A controversial Safeway gas station project is on hold pending approval of a city permit. Meanwhile, a group of residents that has filed a lawsuit to stop the east Petaluma project will likely seek a temporary injunction to pause work on the site while the case makes its way through the courts.

Save Petaluma, which is attempting to overturn the city council’s April 1 decision to deny an appeal and approve the 335 South McDowell Blvd. project, filed the suit in Sonoma County Superior Court this month, naming Petaluma as the respondent and Safeway as the real party of interest.

So far, Safeway has applied for a demolition permit for the current structure at the corner of the Washington Square Shopping Center, but the permit application is still under review, according to city officials.

Patrick Soluri, the Sacramento-based attorney representing Save Petaluma, said he will likely pursue an injunction to freeze construction efforts at the site until the case has been decided. Had Safeway been authorized and demolition had gotten underway, the corporation would have been protected under what’s known as a vested rights doctrine.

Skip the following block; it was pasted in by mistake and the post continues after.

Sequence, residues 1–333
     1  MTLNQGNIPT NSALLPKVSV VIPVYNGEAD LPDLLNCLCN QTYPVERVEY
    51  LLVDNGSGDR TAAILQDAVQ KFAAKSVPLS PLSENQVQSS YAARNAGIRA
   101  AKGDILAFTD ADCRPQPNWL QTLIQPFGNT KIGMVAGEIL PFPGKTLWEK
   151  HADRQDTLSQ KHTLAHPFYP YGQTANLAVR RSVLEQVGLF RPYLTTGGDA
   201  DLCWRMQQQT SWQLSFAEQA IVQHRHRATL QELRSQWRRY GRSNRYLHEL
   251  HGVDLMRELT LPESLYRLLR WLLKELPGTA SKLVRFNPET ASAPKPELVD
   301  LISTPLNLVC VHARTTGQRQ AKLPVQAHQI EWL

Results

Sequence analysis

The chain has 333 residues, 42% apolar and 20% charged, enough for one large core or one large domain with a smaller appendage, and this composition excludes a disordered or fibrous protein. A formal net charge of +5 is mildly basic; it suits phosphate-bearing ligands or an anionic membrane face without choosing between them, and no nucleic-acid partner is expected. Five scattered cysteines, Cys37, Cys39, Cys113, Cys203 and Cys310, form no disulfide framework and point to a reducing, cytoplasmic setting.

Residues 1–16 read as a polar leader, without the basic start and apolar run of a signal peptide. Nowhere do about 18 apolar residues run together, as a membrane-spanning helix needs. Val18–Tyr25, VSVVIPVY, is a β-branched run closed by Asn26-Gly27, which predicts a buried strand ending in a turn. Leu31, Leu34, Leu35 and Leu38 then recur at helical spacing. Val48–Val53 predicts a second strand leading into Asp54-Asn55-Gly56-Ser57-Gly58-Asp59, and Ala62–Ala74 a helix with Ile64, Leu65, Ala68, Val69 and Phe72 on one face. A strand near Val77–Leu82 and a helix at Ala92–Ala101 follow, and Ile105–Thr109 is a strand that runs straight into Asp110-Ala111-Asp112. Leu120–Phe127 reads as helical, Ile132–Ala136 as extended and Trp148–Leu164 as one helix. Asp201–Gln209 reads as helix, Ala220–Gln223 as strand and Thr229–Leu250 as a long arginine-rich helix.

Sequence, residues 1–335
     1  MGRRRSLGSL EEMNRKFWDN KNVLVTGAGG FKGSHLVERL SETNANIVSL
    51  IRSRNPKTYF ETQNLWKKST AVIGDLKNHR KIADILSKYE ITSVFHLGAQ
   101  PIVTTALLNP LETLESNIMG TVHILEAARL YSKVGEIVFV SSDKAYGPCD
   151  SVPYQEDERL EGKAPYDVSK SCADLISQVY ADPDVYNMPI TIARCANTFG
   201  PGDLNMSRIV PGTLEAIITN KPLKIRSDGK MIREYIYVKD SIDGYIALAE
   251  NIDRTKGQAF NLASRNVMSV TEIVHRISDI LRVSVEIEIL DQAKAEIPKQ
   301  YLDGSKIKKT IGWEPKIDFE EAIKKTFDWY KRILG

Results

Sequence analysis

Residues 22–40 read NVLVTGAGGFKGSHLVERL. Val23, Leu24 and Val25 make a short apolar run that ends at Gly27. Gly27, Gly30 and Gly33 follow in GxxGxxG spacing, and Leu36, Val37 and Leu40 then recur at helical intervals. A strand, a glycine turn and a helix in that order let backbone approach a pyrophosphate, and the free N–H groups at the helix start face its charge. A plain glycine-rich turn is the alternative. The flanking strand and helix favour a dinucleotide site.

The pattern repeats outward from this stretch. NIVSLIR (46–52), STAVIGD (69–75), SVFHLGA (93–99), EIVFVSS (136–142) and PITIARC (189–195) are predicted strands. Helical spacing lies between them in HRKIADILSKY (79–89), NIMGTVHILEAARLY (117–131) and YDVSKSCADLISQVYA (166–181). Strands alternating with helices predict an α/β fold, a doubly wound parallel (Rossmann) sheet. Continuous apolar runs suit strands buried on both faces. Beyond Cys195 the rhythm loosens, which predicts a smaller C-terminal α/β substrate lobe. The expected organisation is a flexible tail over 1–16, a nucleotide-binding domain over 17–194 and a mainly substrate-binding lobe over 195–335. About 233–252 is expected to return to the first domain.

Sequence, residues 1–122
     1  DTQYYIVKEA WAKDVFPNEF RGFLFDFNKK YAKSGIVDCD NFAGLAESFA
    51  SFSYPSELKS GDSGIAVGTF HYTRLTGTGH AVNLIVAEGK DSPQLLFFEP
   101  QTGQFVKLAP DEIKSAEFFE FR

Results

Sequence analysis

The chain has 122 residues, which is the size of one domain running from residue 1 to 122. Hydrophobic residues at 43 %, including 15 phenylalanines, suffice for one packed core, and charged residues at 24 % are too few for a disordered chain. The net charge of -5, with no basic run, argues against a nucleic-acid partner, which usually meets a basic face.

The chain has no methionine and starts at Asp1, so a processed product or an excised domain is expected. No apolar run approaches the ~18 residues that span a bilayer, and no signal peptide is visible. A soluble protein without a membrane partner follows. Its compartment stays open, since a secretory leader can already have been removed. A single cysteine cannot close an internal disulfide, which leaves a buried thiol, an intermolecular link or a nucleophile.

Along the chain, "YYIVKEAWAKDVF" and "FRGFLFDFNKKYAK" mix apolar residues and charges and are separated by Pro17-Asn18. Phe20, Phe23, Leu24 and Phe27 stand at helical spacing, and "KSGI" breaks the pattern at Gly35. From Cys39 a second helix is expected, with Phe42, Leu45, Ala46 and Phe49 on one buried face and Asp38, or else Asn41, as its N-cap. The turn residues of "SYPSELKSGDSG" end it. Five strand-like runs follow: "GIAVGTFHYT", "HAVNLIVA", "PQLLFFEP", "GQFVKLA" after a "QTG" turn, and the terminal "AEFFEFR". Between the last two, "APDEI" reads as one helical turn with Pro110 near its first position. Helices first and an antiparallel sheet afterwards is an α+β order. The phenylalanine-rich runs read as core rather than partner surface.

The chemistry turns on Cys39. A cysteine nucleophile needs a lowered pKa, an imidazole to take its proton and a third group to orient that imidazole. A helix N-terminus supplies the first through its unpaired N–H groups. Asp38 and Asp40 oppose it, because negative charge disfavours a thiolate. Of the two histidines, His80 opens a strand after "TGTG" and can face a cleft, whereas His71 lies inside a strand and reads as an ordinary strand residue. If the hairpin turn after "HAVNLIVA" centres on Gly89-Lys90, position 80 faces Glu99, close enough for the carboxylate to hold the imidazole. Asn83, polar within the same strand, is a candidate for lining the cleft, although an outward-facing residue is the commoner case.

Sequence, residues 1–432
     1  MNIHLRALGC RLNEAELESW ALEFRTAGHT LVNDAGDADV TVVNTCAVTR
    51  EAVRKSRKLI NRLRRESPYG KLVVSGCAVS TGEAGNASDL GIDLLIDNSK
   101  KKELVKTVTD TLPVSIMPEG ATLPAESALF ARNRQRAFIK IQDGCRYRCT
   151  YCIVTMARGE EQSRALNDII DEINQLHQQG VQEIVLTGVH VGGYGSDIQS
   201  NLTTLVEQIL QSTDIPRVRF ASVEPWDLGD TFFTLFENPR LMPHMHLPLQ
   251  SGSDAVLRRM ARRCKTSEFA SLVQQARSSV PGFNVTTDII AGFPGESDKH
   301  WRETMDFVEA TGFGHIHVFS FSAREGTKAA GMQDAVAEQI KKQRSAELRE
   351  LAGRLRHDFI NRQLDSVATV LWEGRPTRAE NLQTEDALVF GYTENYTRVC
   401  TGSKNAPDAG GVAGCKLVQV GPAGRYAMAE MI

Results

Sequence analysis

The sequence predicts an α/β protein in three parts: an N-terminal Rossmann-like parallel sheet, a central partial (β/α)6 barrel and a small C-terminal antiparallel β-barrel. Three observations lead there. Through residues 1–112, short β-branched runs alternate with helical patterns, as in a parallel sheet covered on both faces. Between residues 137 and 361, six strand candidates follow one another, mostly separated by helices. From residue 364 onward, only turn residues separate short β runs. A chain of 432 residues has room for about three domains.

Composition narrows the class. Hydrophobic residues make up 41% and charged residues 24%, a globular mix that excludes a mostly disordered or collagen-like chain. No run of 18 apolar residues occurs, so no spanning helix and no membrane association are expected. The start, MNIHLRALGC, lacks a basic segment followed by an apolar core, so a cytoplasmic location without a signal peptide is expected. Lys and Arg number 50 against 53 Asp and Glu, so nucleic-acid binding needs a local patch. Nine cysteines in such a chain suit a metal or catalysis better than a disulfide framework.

“We would seek injunctive relief if necessary to protect the citizens of Petaluma and also preserve the integrity of land-use and environmental decision-making in the city,” Soluri said in an email.

Read more at https://www.petaluma360.com/news/9625724-181/petaluma-reviews-safeway-gas-station

Posted on Categories Climate Change & Energy, Sustainable LivingTags , , , ,

Amazon votes down employee-backed climate resolution

Olivia Rosane, ECOWATCH

Amazon shareholders voted down an employee-backed resolution calling for more aggressive action on climate change at their annual meeting Wednesday, The Los Angeles Times reported.

The employee-filed resolution asked the company to develop a public plan for responding to extreme weather events and weaning itself off of fossil fuels. It was publicly backed by more than 7,600 employees, who signed their names to an open letter, a novel tactic for tech employee activism, The New York Times said.

Amazon Employees for Climate Justice, the group that grew out of the resolution, said in a press release they will file another if the company’s board doesn’t increase its climate commitments.